Ylva111's Blog

Goat with a tyre and other London treats

March 6, 2017
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Spring is definitely in the air with daffodils in full bloom in London’s parks, and also at the rather grey and stony Paternoster Square in the City, as I discovered on a wander. In fact it was a promotion for Marie Curie – a most worthy cause – but they weren’t all real!

At Tate Modern the Rauschenberg exhibition is still attracting visitors as it draws to a close in early April. This is a mega selection from his long career and includes many of his well-known works such as the Goat with a tyre which has been lent by the Moderna Museeet in Stockholm.  It was developed in the 1950s from a stuffed goat the artist found in a second-hand shop in New York.

Tate Britain, as predicted, is bursting at the seams with Hockney fans – well worth the effort to get a ticket.  Some people love the portraits, others prefer the Yorkshire landscapes.  So there will be something there for everyone.

Looking back to the 1930s

More challenging are the two exhibitions at the Royal Academy and they make a good match – maybe not on the same day. There is a lot to digest, particularly in the Russian exhibition in the main galleries. In the Sackler Wing the small but exquisite exhibition covers the impact of the depression on American art in the inter-war years.

Revolution: Russian Art 1917-1932 took me back to my visit to St Petersburg in September last year when with our Russian Martin Randall guide we spent several hours at the Russian Art Museum.  The RA has brought together iconic artworks from there and also from private collectors to illustrate the post-revolutionary period by Chagall, Kandinsky and Malevich including posters, porcelain and photographs.  Short film snippets show life in collective housing and on the land.  There’s even a mock-up of what a small flat might have looked like.  In a country where many still could not read, the propaganda value of revolutionary art was soon realised and used on the sides of trains travelling through the vast countryside.

America after the Fall: Painting in the 1930s while much smaller also pulls a punch with its evocative paintings of despair as Western economies plunged into depression after the Wall Street crash in 1929. Grant Wood’s picture of the cheerless American couple in “American Gothic” is the highlight of the exhibition. But every painting in this show really does tell a story….so linger and explore.  You may even spot Lenin’s face in one of the paintings.

Family memories of the depression

In my Swedish book about Family Gronstedt, the depression played its part. My maternal grand-father was not just a doctor but also an investor in property and shares. A few years after the Wall Street crash which reverberated round European capitals, the Swedish “match king”, Ivar Kreuger, took his own life in Paris causing further havoc.  He had created his financial empire not just from matches but also from financial loan instruments to countries around the world – something of a Ponzi scheme – which collapsed with him taking down banks, and large and small investors.  My grand-father’s finances survived the blast through Sweden’s economy but he died in 1937 with his resources severely depleted.  It was a tough time for many families as the RA exhibitions show.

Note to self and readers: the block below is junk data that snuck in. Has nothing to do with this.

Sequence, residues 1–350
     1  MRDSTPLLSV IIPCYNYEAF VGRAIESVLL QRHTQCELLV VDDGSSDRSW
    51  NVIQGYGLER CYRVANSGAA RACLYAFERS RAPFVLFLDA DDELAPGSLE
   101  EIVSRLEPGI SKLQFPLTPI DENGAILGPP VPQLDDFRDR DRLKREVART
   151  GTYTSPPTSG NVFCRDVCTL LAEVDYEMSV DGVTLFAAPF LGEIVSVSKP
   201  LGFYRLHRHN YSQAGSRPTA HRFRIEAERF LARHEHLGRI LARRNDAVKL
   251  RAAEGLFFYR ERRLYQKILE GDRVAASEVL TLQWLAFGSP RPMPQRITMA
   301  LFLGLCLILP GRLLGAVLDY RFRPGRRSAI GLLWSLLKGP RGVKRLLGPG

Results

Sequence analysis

Find out more about my books including – newly launched The Go Around and the Family Gronstedt’s history – at http://www.ylvafrench.co.uk


Now for something completely different….The Go Around

December 29, 2016
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This is a story for the 21st century where millions of people enjoy the ease and pleasure of air travel but also live in cities and towns below busy flight paths. 

Every day some 1,300 aircraft land and take off from Heathrow Airport – one of the busiest airports in the world. And some of those aircraft I can see from my balcony as they descend on the flightpath over central London, heading west.  It is a miracle that it hardly ever goes wrong.

Several years ago I had the idea to write a fictional story about an accident on the flightpath and what it would mean in the air and on the ground. I finished the story and put it away.  A visit to the Heathrow Control Tower with the Tourism Society in the spring of this year brought it all back and I decided to rework the story and publish it as an eBook.

This is a story about the convenience, excitement and the orderliness of air travel and how it works so well, nearly all the time. When it does go wrong, the impact can be catastrophic.  Quite a sombre subject, you will agree, as inevitably it involves many people dying and others suffering injury and loss.  But there are miracles too, in my new book, “The Go Around”, now available as an eBook on Amazon.

It’s a sunny summer’s day in August in London and conditions at Heathrow are perfect with aircraft on the flightpath approaching the airport in a steady stream. The unthinkable happens – two aircraft collide over London’s western suburbs. The peace and enjoyment of a summer Saturday is shattered, as London’s emergency services respond to the disastrous consequences over a wide area. 

“The Go Around” focuses on individuals and how they cope, as well as on the unlikely report that there are two survivors from one of the planes. Is that possible? The world’s media gather in a town hall in South West London to find out what went wrong – somebody must surely be at fault – or is it just the systems?

All the characters and events in this book are purely imaginary.

Read it on your PC or handheld or Kindle; download now from the Amazon Kindle Store, www.amazon.co.uk or www.amazon.com